That's a good question. I don't know what the answer is.

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  14. A lot of writers never realize that the presumed narrator is artifice, and they think it's their own real voice. That's because they're thinking too much about their own experience writing and the writing is more about them-as-writers than it is about a story to be told.

    Okay, I get this. This is what I was trying to say, I think.

    When I write, I let the characters do the talking and the narrative speaks for itself. If I've done my job correctly, you can't hear me.

    Like you said...The presumed narrator is what most people think of as "voice," and to me that's more a reflection of fictional character than a reflection of the author, and a good writer should be able to come up with as many narrative voices as are needed, and vary them from work to work because--as I claim--this presumed narrator is not the author, but is merely one of the more visible elements of a narrative. It's important to find this presumed narrator for each work, but it's important to realize that this presumed narrator can vary from work to work. Because it's not really the voice of the author.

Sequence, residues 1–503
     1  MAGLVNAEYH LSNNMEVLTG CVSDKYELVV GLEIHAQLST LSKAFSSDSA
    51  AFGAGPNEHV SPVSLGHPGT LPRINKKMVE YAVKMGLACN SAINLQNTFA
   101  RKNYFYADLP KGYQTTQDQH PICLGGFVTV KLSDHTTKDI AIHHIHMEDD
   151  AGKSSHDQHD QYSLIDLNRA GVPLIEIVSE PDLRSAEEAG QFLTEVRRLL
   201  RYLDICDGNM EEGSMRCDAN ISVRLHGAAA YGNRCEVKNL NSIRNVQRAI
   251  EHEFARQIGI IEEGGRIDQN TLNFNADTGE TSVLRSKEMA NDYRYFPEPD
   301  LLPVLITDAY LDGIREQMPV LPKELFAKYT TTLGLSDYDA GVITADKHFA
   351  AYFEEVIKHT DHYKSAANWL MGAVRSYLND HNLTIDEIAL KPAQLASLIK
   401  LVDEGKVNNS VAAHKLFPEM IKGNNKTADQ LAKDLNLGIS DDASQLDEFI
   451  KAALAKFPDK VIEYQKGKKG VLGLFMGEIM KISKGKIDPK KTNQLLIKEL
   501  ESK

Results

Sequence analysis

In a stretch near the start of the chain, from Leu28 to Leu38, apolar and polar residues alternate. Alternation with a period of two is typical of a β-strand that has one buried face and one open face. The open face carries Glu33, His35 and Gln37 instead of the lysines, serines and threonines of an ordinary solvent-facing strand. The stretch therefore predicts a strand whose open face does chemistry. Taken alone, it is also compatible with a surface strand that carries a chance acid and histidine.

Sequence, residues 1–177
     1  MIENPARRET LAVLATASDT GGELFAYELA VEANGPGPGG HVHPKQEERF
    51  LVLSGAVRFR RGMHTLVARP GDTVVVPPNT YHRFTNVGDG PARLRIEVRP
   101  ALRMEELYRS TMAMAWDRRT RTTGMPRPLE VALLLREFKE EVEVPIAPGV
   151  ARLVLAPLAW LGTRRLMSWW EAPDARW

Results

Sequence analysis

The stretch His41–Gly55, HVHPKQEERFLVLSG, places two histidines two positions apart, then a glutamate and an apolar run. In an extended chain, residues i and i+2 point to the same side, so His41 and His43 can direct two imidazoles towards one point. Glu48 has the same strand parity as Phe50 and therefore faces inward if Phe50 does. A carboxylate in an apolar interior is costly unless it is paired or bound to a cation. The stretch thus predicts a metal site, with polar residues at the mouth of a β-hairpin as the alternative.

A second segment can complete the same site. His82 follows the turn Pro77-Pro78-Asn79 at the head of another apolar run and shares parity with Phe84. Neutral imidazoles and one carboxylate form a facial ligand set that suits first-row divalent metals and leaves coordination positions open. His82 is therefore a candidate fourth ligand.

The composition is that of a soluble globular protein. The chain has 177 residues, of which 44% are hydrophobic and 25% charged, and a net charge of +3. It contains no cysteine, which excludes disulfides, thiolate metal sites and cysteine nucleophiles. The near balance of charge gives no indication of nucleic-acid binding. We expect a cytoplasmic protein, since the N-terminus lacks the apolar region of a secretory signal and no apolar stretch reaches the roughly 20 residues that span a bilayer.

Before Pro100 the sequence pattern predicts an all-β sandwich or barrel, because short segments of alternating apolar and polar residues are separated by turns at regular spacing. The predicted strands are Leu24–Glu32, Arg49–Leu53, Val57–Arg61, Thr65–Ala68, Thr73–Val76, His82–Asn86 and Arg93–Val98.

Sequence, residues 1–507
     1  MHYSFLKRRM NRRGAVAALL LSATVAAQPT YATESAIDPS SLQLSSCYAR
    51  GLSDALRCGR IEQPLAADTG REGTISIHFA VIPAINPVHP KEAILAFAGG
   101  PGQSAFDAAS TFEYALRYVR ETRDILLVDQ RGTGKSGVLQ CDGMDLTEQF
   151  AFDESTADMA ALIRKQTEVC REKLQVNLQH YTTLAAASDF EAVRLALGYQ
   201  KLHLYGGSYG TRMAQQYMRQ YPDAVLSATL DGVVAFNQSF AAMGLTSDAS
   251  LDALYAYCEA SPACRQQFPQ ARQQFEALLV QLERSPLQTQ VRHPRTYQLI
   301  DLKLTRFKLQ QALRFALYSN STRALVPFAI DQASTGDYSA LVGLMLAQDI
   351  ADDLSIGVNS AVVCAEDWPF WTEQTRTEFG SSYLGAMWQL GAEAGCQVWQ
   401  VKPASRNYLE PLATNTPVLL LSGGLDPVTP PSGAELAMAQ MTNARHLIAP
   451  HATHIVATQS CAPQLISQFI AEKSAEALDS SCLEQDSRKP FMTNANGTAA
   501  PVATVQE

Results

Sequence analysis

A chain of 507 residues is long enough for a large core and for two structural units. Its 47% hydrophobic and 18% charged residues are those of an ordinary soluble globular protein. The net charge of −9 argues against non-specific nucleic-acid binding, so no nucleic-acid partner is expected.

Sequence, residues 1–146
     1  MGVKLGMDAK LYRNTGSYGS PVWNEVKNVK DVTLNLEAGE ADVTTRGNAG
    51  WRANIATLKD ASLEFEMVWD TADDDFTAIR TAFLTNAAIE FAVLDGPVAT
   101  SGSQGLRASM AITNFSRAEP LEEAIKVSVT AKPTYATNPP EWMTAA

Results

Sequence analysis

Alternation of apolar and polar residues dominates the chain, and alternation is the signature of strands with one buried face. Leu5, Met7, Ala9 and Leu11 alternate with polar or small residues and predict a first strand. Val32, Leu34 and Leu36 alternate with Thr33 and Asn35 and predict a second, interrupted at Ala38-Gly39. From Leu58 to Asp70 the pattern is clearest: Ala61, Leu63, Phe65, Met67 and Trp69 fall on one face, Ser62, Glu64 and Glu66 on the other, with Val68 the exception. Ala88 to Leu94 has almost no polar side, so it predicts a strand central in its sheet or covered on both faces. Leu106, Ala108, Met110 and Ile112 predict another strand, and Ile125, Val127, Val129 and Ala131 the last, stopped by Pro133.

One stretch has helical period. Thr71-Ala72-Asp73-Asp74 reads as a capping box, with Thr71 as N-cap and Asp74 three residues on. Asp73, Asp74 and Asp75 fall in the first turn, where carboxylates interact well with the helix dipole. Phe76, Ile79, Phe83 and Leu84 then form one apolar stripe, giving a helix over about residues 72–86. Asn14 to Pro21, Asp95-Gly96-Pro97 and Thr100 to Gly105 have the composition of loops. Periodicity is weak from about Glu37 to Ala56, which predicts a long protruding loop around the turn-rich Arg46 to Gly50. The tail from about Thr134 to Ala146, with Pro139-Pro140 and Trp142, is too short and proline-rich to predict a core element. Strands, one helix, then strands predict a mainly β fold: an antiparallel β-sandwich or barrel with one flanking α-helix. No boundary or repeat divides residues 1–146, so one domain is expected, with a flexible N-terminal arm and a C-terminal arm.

You're a big thinker, Scott. I am too, only I don't explain big. I absorb and then ruminate. I wish we could all sit in a room and DISCUSS writing. So much of what we write gets lost in the translation.

    And Domey, didn't you guys do this kind of experiment on the Lit Lab not too long ago? Where we all had to guess who wrote what? Or was that just Michelle?

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  15. Michelle, I like the sound of "crisp." I'll hang onto that thought during revisions, when the tendency might be to make it all prosy.